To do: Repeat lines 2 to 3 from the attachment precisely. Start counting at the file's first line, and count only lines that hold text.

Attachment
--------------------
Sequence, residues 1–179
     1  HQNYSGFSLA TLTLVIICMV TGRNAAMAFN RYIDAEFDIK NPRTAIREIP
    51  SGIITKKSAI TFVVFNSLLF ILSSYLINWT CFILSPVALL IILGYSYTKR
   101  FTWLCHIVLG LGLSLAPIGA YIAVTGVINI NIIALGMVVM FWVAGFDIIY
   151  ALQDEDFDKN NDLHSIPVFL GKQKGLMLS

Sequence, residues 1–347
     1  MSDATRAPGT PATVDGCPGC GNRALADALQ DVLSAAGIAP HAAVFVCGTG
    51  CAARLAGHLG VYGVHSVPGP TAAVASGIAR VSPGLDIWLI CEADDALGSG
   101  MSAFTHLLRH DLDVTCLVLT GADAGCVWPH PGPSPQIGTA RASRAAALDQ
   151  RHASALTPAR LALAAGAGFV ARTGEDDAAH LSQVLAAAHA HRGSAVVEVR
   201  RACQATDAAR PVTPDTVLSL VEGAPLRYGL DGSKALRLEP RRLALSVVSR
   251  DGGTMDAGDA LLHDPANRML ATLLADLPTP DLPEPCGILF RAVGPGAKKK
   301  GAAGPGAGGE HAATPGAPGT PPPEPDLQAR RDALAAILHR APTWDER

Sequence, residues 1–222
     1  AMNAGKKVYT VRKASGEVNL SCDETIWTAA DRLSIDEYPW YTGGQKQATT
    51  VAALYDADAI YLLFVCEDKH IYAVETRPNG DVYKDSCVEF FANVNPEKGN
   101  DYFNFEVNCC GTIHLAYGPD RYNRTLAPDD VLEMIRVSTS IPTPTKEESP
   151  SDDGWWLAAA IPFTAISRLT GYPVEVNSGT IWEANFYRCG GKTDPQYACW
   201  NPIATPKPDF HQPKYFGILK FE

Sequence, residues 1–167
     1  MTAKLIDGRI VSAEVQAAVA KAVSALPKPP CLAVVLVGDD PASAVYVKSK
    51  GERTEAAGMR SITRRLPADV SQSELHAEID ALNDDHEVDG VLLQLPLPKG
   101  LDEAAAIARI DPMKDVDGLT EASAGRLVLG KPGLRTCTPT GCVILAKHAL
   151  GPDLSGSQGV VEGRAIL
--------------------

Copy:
     1  HQNYSGFSLA TLTLVIICMV TGRNAAMAFN RYIDAEFDIK NPRTAIREIP
    51  SGIITKKSAI TFVVFNSLLF ILSSYLINWT CFILSPVALL IILGYSYTKR